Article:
|The epidemic prevention flow chart created by Zhang Weiya, a community worker in Hangzhou City, capital of East China's Zhejiang Province [qnsb.com]|
A flow chart manuscript recently went viral on the social media in China for its detailed responsibility division of all parties involved in the novel coronavirus (COVID-19) prevention and control efforts at the grassroots level.
The creator, Zhang Weiya, 43, is a community worker in Xihu District of Hangzhou City, capital of East China's Zhejiang Province.
Zhang and Yuan Cailan, president of the Women's Federation of Xiaojiang Community, went to offer logistical support at a meeting on January 23 held to deploy the epidemic prevention work in the community as part of the province's first-level response to major public health emergencies.
As requested by the community's working committee of epidemic control, they took charge of purchasing necessities, accepting donations, checking inventory, on-site distribution and information registration.
Zhang and Yuan took purchasing protective gear as the top priority, so they made a detailed shopping list that included facial masks, protective clothing, disinfectant and hand sanitizers.
On January 24, the eve of the Chinese Lunar New Year, the COVID-19 prevention and control work in the committee was in full swing. Zhang said it was her first time to join in such a mission and was a chance for her to improve her services.
She decided to keep a record, and finished an article of over 6,000 words with 17 pictures, including the flow chart, that night.
Zhang hoped that her article would help quarantined households feel at ease and let them know what the community workers, Party members and volunteers had done for the residents in the community.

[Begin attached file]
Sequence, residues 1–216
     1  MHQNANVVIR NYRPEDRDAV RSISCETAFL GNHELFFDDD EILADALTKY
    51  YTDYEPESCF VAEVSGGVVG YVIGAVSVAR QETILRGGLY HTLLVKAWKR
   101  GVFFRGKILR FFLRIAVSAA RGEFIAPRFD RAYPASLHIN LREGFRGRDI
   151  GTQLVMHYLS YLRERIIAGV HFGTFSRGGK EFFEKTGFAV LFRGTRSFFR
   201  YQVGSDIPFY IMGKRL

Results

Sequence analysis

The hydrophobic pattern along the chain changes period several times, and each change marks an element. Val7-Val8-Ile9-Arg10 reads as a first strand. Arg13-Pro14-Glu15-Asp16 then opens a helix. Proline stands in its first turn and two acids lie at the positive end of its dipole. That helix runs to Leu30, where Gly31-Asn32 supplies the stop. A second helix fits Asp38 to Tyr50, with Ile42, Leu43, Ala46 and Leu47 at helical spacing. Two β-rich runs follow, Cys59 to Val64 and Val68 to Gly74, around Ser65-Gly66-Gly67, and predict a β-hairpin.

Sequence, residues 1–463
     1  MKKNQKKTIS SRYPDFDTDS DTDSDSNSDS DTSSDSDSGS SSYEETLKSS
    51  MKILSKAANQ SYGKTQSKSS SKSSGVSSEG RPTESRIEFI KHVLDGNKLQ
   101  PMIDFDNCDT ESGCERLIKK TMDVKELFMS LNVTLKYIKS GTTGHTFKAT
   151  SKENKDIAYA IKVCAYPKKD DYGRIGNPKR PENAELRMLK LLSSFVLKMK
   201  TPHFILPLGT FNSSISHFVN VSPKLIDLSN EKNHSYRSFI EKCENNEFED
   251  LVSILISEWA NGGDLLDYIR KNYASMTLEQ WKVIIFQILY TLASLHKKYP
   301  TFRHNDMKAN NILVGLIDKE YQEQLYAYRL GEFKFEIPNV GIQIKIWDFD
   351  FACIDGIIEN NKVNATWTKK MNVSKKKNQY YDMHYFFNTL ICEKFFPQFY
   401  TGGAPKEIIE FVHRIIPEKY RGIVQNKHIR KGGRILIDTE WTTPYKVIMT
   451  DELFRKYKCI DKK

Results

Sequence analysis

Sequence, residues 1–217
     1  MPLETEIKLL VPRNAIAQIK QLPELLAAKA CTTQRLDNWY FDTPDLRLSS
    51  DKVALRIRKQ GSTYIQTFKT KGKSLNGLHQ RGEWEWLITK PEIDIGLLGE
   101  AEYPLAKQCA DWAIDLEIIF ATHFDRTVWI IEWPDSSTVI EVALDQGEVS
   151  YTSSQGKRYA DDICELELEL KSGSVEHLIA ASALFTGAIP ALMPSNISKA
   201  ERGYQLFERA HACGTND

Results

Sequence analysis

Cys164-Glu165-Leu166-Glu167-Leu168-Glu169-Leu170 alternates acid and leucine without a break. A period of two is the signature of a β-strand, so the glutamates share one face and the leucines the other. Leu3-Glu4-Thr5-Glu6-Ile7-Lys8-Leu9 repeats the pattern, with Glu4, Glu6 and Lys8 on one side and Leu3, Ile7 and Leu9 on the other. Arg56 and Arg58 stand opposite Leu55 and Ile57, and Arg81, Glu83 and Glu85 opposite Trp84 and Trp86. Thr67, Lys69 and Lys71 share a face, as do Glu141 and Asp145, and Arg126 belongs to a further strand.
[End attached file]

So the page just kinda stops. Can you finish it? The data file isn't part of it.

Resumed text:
Zhang also learned the good practices that were commended by renowned Chinese epidemiologist Li Lanjuan during the SARS outbreak in 2003, such as forming cordons around the houses of quarantined rural households.
The practice can still restrict the entry and exit of the families and visitors but leave some space for sunshine and outdoor exercises.
"The logistical support is critical to the success of the quarantine," said Zhang.
They bought all kinds of supplies and food, even baby milk powder, for the quarantined farmers. Special care was offered to quarantined non-natives.
Zhang and her colleagues mobilized local people to send non-natives vegetables and wrote letters to them to inspire them to overcome the difficulties.
In Zhang's long article, she also praised the efforts of local women involved in the work of the COVID-19 prevention and control.
She said she hopes the village will return to normal soon.
|Zhang Weiya delivers vegetable to a quarantined resident. [qnsb.com]|
(Source: China Women's News/Translated and edited by Women of China)